Property Rights of the Homeless
This occurred a few years ago in Ann Arbor in a camp known as "Camp Take Notice". Slab City California is another example of a collision between homeless persons with little property and state actors.
In these encampment sweeps, personal property of the homeless is removed to aid the reclamation and gentrification process. More often than not, the sweeps -a form of state action- go too far, too fast.
Over the years, the encampment sweeps by local governments have led to a series of constitutional challenges courtesy of the American Civil Liberties Union and other legal aid lawyers. The U.S. Department of Justice has stated that anti-camping ordinances cannot criminalize persons for being homeless.
In one of the encampment lawsuits, a federal judge in Seattle ruled last Friday that the property of homeless persons was removed by Clark County officials without a determination as to whether the property was abandoned or "owned" by the homeless.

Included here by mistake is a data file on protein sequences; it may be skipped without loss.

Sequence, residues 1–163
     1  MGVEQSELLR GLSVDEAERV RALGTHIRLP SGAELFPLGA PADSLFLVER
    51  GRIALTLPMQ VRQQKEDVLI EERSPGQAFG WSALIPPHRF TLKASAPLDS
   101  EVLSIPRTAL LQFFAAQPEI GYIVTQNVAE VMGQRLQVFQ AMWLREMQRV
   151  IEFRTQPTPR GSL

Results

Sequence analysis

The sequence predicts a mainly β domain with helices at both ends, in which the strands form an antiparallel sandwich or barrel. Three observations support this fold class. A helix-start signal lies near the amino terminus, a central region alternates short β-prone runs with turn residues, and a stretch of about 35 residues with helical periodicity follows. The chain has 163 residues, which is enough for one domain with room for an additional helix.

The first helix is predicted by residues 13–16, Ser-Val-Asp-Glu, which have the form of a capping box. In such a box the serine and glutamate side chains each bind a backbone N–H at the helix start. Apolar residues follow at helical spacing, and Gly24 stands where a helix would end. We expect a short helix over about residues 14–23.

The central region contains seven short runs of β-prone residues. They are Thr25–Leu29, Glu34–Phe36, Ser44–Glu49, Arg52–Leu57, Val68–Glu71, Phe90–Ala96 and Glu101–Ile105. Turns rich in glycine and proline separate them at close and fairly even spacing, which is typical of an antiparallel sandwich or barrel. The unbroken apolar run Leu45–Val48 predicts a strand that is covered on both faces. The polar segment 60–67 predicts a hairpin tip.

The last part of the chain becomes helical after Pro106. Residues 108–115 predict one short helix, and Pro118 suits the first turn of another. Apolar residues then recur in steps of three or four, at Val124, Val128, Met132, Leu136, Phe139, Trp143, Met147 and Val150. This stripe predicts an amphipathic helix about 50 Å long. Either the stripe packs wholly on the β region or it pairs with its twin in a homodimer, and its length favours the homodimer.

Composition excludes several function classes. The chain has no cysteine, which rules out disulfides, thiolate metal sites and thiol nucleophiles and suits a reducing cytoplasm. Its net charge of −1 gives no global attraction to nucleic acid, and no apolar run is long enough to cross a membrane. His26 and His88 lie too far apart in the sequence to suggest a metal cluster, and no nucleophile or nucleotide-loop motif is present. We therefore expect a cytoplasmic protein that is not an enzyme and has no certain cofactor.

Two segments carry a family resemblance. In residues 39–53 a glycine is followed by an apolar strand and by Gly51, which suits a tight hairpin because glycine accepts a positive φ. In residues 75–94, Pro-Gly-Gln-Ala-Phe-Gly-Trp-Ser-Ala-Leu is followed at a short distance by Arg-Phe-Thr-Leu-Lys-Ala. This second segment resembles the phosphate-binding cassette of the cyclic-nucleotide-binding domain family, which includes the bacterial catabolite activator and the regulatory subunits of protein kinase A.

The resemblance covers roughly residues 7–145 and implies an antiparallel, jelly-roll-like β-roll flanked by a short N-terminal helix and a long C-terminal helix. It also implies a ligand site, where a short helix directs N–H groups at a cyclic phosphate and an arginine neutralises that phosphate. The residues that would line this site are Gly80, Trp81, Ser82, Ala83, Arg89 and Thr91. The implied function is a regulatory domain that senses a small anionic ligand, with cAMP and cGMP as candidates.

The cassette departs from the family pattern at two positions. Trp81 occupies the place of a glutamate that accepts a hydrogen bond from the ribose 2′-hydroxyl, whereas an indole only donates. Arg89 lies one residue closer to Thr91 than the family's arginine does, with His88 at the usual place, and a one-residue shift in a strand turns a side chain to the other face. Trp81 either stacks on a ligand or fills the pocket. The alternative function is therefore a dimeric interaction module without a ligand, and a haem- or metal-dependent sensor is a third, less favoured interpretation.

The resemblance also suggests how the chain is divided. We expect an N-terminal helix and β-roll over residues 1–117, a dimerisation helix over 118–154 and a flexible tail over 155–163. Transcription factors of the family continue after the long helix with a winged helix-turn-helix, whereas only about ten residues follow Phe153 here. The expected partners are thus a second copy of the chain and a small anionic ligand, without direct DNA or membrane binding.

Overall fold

The property taken included broken furniture, backpacks, medication, clothing, various documents and photographs. A leather basketball can be seen in the above photo, taken in March beneath I-90 in Clark County, near Vancouver. When homeless, such implements can be vital to your survival.
In relevant part, the Fifth Amendment to the United States Constitution states that, "[n]o person shall be ...deprived of life, liberty, or property, without due process of law; nor shall private property be taken for public use, without just compensation." Although not valuable, the property of the homeless was taken in Clark County without notice or any compensation, let alone just compensation.
Trial is scheduled for early October to determine the value of the property taken by the state actors in Washington. Settlement discussions continue between the former campers, their legal aid attorneys, and Clark County.
Stay tuned as the case could have local impact wherever municipalities attempt to outlaw camping via local ordinance. We will keep you posted.